New call to regulate short-stay accommodation

The Victorian Greens are joining calls to regulate the short-stay accommodation industry, as poor housing supply fuels staff shortages across the nation.

The sector is almost entirely unregulated, the party’s renters’ rights spokeswoman Gabrielle de Vietri said.

“Investment properties are being turned into mini hotels at the cost of a family or worker having access to secure rental properties,” Ms de Vietri said in a statement.

“We need to introduce strong short-stay regulations to ensure affordable housing is available to families and workers experiencing housing stress.”

The Greens have proposed second properties are limited to 90 nights of short-stay rental per year and be subject to mandatory short-stay accommodation registration.

Owners’ corporations should be able to regulate short-stay properties that aren’t the host’s principal residence, they say.

Tourism Accommodation Association Australia chief executive Michael Johnson said the lack of regulation was adding to staffing pressures in tourism hotpots.

“What we’re getting is this imbalance of too much short-term rental accommodation, not enough long-term rental accommodation. So there’s not enough accommodation for employees in these locations,” Mr Johnson told AAP.

Staff turnover in tourist towns was particularly high, he said.

“Because if they do find something, it’s too expensive … or they can’t find anything, and they have to move on.”

Mr Johnson said the association successfully lobbied the NSW government for a short-stay registration system and implementation of a code of conduct, but it hadn’t solved the problem.

“It just means that there’s a few more hoops for people to go through,” he said.

The tourism body also met with federal housing minister Julie Collins, but Mr Johnson said most of the relevant regulations were up to state and territory governments, which all have different positions.

“The new federal government came in, they were quick to have discussions with housing ministers … but again, it’s just one of those things that just doesn’t seem to move the dial.”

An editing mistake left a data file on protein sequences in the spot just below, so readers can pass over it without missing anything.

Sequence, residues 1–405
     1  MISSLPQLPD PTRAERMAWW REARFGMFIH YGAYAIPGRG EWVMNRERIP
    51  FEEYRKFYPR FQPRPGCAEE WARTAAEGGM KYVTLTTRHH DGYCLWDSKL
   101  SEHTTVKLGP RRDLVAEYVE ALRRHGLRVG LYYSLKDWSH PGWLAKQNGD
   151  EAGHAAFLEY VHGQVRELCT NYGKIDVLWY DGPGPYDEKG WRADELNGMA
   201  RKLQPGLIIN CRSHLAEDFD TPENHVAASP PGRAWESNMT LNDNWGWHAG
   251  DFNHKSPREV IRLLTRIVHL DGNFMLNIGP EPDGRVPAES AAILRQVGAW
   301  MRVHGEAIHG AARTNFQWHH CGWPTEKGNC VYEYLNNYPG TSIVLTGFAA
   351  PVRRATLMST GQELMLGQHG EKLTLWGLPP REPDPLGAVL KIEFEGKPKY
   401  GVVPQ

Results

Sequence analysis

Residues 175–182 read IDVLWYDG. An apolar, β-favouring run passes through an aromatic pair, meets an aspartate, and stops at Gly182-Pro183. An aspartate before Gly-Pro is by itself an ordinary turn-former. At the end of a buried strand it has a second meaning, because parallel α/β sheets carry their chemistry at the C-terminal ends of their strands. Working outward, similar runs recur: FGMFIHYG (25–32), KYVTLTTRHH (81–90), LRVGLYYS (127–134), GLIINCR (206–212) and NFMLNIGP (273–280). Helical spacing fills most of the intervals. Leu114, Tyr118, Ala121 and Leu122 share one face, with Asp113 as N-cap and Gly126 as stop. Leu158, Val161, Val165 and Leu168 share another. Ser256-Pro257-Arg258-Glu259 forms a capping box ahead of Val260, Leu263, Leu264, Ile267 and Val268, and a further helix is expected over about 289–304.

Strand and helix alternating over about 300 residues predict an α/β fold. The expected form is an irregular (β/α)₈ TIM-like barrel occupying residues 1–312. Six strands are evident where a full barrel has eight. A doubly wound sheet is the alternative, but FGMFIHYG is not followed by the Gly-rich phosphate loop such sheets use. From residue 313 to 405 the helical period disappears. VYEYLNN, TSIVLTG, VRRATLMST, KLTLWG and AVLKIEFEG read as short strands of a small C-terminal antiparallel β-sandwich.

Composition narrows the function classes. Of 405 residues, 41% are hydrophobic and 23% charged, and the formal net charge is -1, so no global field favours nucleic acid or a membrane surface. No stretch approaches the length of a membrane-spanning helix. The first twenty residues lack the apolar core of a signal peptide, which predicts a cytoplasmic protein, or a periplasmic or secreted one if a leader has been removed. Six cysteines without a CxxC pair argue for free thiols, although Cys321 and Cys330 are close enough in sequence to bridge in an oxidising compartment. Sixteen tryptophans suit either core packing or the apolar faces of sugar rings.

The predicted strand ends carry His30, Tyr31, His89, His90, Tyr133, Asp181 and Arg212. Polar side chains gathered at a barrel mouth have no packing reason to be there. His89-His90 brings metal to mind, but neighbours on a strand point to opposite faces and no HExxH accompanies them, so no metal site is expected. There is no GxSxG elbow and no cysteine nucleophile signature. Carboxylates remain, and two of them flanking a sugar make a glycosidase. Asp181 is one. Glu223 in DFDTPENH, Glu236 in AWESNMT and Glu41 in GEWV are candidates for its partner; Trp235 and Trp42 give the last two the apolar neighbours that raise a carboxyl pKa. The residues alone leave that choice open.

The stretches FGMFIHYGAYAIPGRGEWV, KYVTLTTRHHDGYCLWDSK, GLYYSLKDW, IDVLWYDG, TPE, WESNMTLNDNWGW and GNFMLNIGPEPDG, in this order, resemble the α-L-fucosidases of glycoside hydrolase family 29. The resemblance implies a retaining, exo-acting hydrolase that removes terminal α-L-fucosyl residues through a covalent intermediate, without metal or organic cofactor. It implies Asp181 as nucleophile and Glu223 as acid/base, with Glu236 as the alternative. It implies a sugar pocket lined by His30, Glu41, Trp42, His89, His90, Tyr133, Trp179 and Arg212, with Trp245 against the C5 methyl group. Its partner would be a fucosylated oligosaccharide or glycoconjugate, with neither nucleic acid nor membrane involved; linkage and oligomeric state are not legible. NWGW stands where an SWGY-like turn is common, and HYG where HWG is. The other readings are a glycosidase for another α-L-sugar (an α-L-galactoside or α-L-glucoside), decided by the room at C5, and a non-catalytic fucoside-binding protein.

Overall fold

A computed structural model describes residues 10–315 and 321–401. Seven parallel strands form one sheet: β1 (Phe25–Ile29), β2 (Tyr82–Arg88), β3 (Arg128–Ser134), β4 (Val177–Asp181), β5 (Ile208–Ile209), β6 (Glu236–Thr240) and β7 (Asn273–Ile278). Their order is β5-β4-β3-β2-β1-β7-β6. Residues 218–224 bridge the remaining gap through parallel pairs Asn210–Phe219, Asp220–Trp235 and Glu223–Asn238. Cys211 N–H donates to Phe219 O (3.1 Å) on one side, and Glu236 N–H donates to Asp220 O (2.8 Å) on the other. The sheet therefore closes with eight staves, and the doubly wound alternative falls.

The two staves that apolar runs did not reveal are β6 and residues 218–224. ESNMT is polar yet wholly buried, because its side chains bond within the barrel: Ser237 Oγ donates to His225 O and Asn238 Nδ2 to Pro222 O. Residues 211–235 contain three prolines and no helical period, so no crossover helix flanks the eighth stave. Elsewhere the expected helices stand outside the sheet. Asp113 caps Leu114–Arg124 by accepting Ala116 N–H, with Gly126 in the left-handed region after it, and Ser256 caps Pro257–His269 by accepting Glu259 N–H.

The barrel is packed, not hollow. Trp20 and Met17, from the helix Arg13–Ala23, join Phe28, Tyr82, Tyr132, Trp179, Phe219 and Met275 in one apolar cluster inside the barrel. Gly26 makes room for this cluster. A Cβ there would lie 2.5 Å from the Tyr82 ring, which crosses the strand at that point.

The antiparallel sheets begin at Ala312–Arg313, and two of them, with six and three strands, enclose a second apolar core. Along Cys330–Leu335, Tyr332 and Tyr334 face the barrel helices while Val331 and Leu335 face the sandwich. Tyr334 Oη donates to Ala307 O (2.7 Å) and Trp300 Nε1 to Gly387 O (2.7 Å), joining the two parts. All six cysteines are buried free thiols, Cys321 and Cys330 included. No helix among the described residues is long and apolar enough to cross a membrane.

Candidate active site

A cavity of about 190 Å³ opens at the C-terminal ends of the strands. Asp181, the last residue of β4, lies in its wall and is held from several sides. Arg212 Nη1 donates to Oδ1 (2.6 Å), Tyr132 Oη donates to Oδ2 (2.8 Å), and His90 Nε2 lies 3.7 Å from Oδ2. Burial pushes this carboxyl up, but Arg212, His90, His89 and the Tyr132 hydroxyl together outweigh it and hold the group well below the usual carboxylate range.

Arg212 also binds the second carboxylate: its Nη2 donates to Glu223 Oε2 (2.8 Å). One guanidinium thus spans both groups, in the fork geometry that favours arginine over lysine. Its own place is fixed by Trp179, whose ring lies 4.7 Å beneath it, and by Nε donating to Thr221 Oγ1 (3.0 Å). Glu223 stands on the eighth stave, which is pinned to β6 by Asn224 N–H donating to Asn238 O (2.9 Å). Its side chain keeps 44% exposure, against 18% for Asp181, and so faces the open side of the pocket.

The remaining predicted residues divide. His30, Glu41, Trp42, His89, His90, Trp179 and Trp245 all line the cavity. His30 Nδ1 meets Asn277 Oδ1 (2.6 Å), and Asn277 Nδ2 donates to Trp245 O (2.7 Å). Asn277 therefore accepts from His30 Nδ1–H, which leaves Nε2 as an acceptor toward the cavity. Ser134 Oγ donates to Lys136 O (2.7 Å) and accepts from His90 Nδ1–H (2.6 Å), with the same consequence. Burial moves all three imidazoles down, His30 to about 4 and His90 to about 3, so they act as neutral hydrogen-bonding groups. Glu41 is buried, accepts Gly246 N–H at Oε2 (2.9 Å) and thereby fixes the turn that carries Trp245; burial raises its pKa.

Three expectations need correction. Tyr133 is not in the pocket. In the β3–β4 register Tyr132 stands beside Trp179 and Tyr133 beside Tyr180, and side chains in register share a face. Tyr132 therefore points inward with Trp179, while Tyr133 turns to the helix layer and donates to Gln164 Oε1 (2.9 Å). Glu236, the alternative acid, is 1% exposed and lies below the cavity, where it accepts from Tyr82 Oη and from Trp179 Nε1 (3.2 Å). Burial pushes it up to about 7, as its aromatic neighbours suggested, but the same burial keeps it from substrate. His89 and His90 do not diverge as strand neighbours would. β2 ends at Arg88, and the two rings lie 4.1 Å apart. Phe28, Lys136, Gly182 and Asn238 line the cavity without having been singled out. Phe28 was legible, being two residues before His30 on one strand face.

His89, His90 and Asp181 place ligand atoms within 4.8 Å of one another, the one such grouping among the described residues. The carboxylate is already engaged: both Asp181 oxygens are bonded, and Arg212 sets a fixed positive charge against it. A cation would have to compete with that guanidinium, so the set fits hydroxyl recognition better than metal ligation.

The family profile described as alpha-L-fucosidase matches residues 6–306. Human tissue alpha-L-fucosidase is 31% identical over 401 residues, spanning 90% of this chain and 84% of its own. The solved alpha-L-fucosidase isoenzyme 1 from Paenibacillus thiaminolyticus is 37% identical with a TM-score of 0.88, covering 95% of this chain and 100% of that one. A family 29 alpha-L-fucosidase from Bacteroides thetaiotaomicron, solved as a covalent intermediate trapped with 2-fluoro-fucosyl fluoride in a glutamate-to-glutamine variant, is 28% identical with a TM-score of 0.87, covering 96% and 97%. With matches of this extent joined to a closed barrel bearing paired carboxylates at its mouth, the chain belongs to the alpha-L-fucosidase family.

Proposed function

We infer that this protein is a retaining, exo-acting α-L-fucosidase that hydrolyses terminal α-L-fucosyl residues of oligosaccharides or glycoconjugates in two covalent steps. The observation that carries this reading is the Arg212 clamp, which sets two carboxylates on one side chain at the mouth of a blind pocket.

Earlier in February, Warrnambool City Council on Victoria’s southwest coast introduced a registration fee to short-stay operators in an attempt to level the playing field between them and traditional accommodation providers.

Deputy Premier Jacinta Allan said the Andrews government would wait for more detail on the Greens proposal before declaring its position.

“The Andrews Labor government has already taken action in terms of the disruptive behaviour that some people can engage in … in these sorts of short-stay arrangements,” she told reporters.

“A big focus is increasing the overall housing stock. That’s why we have our Big Housing Build, in funding of $5.3 billion to see the addition of 12,000 social and affordable homes being constructed across the state.”

Ms Allan said the Greens often blocked public housing developments put forward by the government.

“They’ve used their numbers in the upper house or on local councils to not support these sort of initiatives.”

Restaurant and Catering Australia chief executive Suresh Manickam said the sector required more policy discussion.

“We obviously can’t have a situation whereby we’re trying to have a holiday destination and try to accommodate for those people that are coming to that destination, and not having the hospitality industry there,” Mr Manickam told AAP.


Adrian Black
(Australian Associated Press)


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